Publication Date

July 24, 2013

Perspectives Section

Member Spotlight, News, Perspectives Daily

AHA members are involved in all fields of history, with wide-ranging specializations, interests, and areas of employment. To recognize our talented and eclectic membership, AHA Todayfeatures a regular AHA Member Spotlight series. The members featured in this column have been randomly selected by AHA staff or nominated by fellow AHA members. If you would you like to nominate a colleague for the AHA Member Spotlight, please contact Julie Nkodo.

Julio Cesar Pino is a professor of history at Kent State University. He lives in Kent, Ohio, and has been a member of the AHA since 1992.

Fields of interest: Latin America, the Black Atlantic, urban history

When did you first develop an interest in history?

In primary school, after I immigrated to the United States from Cuba. The 1970s were a tumultuous time in both American history and my own family history. The daily headlines dealing with the Vietnam War, Watergate, and conflict in the Middle East all aroused my curiosity as to what lay behind those conflicts, and how my family and I were both participants and victims of history.


What projects are you working on currently?

A collection of essays dealing with Afro-Latin America, focused on means of resistance by marginalized groups, including Muslims in 19th-century Brazil and contemporary shantytown women. My manuscript, currently under review, is entitled Afro-Latin Essays: Re-thinking Race, Gender and Resistance in Latin America. I am also revising several dozen journals I have been keeping for the last 20 years for a venture in philosophy, Man and Mythos: A Case for the Superman.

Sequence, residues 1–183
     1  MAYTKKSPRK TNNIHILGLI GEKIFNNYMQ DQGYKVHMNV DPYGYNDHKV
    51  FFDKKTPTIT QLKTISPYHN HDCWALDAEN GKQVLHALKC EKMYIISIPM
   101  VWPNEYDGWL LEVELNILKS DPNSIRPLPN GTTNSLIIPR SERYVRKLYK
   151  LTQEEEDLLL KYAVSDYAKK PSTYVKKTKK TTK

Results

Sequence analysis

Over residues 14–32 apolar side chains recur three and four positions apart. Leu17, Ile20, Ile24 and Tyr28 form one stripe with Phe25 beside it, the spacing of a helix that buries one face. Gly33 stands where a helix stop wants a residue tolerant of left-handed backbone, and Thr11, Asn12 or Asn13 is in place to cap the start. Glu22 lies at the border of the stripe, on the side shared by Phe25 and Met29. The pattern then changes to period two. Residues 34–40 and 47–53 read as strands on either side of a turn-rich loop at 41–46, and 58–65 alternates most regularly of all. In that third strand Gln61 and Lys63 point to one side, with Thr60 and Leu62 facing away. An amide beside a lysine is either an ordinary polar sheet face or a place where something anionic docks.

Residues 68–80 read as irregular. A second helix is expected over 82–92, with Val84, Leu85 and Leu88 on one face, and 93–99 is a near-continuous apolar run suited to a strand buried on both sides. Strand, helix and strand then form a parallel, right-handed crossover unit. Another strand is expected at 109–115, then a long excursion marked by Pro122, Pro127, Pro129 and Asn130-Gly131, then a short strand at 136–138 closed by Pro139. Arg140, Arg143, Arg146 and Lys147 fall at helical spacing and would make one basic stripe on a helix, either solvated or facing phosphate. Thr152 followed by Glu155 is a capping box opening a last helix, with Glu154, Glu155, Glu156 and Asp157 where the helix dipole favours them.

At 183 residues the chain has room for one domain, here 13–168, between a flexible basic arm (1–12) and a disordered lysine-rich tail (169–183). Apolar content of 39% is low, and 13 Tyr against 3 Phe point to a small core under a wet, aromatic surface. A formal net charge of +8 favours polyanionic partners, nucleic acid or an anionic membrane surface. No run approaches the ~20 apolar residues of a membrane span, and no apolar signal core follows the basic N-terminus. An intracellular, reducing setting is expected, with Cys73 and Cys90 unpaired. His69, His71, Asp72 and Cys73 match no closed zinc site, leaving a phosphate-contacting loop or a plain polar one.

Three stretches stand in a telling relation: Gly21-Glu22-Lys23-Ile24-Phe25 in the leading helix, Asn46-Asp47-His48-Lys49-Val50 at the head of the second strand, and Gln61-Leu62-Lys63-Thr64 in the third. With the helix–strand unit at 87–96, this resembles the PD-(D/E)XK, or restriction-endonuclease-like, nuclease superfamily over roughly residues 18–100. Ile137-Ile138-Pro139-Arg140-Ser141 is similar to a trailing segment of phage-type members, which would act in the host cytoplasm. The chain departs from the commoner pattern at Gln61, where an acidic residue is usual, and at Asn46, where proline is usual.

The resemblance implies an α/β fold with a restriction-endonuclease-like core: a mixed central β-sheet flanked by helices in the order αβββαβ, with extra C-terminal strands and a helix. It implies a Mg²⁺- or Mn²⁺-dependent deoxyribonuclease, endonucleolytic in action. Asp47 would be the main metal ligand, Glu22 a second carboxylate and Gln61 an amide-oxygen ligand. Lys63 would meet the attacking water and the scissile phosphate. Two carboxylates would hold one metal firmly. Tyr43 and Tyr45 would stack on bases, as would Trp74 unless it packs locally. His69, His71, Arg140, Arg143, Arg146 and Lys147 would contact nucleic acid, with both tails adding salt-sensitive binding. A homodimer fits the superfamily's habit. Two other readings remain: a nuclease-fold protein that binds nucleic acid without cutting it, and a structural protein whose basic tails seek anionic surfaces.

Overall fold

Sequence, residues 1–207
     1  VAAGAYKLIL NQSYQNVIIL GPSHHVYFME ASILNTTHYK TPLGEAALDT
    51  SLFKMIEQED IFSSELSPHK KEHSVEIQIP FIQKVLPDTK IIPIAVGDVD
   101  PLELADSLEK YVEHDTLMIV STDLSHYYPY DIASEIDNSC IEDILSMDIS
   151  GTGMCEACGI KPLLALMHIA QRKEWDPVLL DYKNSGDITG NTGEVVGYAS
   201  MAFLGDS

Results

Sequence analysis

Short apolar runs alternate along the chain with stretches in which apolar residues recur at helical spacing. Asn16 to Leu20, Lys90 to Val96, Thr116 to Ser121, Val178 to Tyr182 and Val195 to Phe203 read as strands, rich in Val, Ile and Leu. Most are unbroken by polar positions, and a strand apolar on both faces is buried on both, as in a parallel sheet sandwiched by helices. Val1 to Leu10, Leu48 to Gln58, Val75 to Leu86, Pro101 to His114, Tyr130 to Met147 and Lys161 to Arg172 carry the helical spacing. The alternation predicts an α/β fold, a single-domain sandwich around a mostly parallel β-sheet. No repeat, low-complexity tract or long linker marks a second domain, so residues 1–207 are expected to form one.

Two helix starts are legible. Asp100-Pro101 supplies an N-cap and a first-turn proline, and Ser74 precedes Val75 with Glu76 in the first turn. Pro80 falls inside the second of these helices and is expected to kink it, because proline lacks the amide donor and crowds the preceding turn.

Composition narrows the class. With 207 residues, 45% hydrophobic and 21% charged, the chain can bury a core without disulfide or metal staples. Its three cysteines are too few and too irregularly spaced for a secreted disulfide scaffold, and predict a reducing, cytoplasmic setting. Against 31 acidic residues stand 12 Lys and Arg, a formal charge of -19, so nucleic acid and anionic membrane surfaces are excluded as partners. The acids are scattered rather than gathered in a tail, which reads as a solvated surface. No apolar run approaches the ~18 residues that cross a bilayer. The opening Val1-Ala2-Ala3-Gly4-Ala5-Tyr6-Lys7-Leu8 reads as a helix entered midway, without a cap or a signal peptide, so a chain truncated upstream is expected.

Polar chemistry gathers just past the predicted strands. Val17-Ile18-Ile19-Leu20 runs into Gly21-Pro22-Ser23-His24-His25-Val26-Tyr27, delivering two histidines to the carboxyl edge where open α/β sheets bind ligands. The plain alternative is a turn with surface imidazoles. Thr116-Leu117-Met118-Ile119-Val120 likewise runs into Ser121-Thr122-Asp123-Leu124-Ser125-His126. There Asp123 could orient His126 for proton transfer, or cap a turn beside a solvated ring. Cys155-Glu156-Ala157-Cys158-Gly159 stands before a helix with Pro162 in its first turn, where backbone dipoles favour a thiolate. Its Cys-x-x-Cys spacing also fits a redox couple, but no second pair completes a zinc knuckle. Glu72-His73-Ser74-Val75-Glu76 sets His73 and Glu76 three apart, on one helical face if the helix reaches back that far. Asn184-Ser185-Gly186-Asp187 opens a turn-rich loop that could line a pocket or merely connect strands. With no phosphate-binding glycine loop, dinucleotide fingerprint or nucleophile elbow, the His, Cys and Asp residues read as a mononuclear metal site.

Have your interests changed since graduate school? If so, how?

I have moved beyond and largely rejected specialization. I started out researching 20th-century Brazilian urban history, but now encompass the broader theme of conflict in the Third World, particularly from the 1960s until the present day. I am also merging philosophy and history in my writing and teaching, by examining the role of ideas, or as I prefer to say, cosmology, in history.

Is there an article, book, movie, blog, etc. that you could recommend to fellow AHA members?

Historians should take up those books, movies, blogs, etc. that challenge and seek to overthrow the whole notion of narrative in history and the misuses of materialism. I recommend reading Norman O. Brown’s Life Against Death: The Psychoanalytical Meaning of History; anything by Carl Jung, but especially Man and His Symbols; and Ludwig Wittgenstein’s essay, “Remarks on Frazer’s Golden Bough.” Films: Blowup, The Draftsman’s Contract, Last Year at Marienbad.

What do you value most about the history profession?

Paraphrasing Matthew Arnold, the ability and chance to transmit the best that has been thought and taught throughout history, through both my writings and teaching. I enjoy my time in the classroom more than that spent in the archives.

Do you have a favorite AHA annual meeting anecdote you would like to share?

Yes, the late H.R. Russell-Wood once gave the keynote address at the AHA on the Columbian exchange in the Portuguese colonial world, and the professor who introduced him announced to the audience that “Dr. Russell-Wood has asked me to tell you that much of his talk will be devoted to ‘plontz’” (plants pronounced in the British English manner). The audience roared with laughter.

Other than history, what are you passionate about?

My family, here and in Cuba, Islam, freedom for the Palestinians, and 1970s classic rock.

Any final thoughts?

I would caution my fellow historians to never ignore the foundation stones of history. Particularly in teaching, start with the classics and only with great hesitation and scrutiny beforehand assign any text published within the last 20 years. As Ezra Pound once wrote, “a classic is news that stays news.”

This post first appeared on AHA Today.

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